Tarot Swietlistej Drogi by Alla Alicja Chrzanowska
Review by Dan Pelletier

 

The Tarot Swietlistej Drogi comes from Poland and artist Alla Alicja Chrzanowska.  A rough English translation of the deck's title would be “Tarot of the Radiant Path.”

 

What struck me first was the simplistic color scheme used.  On a black background, a limited palette of yellow and white is used.  The result is a deck that is at once stark and luxurious…simple, bold, and haunting. 

 

Each card has the English title appearing at the bottom, and at the top is the Polish title.  Also, to the left of the Polish title appears a number, which sequences the entire deck.

 

Here we begin to move away from standard accepted Tarot theory.

 

The Minor Arcana of the Drogi is numerically sequenced, beginning with the Ace of Wands at 23.  The Cups commence at 37, Swords at 51, and Pentacles at 65.  Wands are fire, and Swords are air.  As you can see, the sequence of the suits is a departure from the Cardinal Points (E-S-W-N) school of thought, and follows Lévi’s Cabalistic rotation.

 

The images themselves are a serious departure from the traditional American/English and Marseilles Tarot. They appear to be based on a numerological progression.

 

Let’s look at a few cards for some examples:  The Six of Wands – mother and father are sewing something – a child is with them, they appear to be working together, they sit before a large fire.  This demonstrates harmony, responsibilities, transitions, home, and family.  These three individuals appear to be present on the Six of Cups – now they are fishing; Mom has a basket.

 

In the Tarot Swietlistej Drogi, Swords are intellect as opposed to the ‘pain and suffering’ that we may be used to seeing.  Predominant images besides Swords are books, plans, and people in thought.  The Three of Swords depicts a man with three swords…and the ghost figure of a bird escaping from his lips.  The 10 of Swords shows a man studying books in a library.  Although books surround him, one book sits to our left that is different than the others.  To me, it evokes a feeling that one project is ending – and another is at hand.

 

Pentacles…you know the Four of Pentacles…the guy sitting greedily hoarding his money. Here, a numerical value of a four is about the four virtues: stability, order, structure, and creating the basis for future success.  Fours relate to self-discipline, and maintaining the status quo.  Where does greed come in?  In the imagery of the Drogi, we see a baker, with four loves of freshly cooked (Rye?) bread.  Yummm. 

 

In the Nine of Pentacles, Waite and Colman-Smith give us a woman in a garden.  A hooded falcon rests at her hand and a snail crawls on the ground.  The Drogi shows a man surrounded by human, artistic, and architectural perfection – and he is at peace amongst them.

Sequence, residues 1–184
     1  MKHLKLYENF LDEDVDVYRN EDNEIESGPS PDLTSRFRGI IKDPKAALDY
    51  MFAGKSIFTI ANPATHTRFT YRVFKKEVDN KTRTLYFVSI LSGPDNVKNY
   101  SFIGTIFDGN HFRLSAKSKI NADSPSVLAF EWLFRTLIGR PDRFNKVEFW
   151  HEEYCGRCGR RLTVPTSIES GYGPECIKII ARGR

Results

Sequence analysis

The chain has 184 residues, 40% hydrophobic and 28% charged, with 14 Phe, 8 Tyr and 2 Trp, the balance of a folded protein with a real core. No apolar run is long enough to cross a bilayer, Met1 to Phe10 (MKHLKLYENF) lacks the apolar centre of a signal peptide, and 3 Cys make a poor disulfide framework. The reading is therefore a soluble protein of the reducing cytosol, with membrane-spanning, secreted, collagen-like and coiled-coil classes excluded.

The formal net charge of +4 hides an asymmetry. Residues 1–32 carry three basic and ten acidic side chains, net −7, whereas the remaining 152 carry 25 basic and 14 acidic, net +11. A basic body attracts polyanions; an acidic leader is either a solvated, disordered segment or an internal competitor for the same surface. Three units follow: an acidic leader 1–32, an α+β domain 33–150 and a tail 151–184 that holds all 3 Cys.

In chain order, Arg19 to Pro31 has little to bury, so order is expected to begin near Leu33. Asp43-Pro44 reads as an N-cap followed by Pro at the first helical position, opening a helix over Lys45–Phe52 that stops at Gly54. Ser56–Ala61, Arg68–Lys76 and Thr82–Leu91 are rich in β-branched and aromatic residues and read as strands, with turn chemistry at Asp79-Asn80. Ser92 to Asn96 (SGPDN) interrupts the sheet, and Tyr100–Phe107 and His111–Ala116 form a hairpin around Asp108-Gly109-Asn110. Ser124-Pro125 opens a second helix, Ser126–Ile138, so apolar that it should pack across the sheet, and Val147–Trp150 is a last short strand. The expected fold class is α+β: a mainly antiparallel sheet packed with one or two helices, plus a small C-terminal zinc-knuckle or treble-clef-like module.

The deck images are beautiful.  Some of the illustrations are in full flower (literally).

 

The sequencing numbers in the upper-left can also be used to help ‘seek’ a deeper meaning.  Remember the Four of Pentacles?  The Rye Bread?  The card number is 68.  The six is about a sense of harmony, responsibility – and the focus and control necessary to direct energy toward attaining goals.  Eights also show movement and changing direction. (Indeed, the figure is in a dynamic--as opposed to a static--pose.)

 

I have no idea if this was intended.  But it works.  The book, which appears to be quite in-depth, is in Polish.  I don’t happen to read Polish.

 

When I first picked up the deck…and felt its size...it filled my hand.  It felt large.  However, it did not feel as cumbersome as some ‘larger’ decks.  It ‘felt’ right.

 

Pythagoras said, “Numbers rule the universe.”  Euclid once said, “The laws of nature are but the mathematical thoughts of God."

 

The dimensional ratio of the Drogi comes close to Phi, at 1.68.  (Phi is 1.618; Pi is 3.14159.)  Most readily available decks range between 1.7159 to over 2.0. 

 

The Drogi reflects the approaching of this sacred number.  Perhaps that’s why it ‘feels’ right in the hand.  It is divine proportion.

 

This is indeed a "Tarot of the Radiant Path.”  The deck reflects it in imagery, color, and form. 

 

Dan Pelletier lives 13 miles north of Seattle Washington with his lifemate of 19 years, Jan Welsh, his two cats, Spook and Pookha, and 31 rosebushes.  He has been reading cards for himself and others for 30+ years. Dan is also one of the owners of The Tarot Garden, a resource for tarot decks and related information on the Internet.

 


Review © 2004 Dan Pelletier
Page © 2004 Diane Wilkes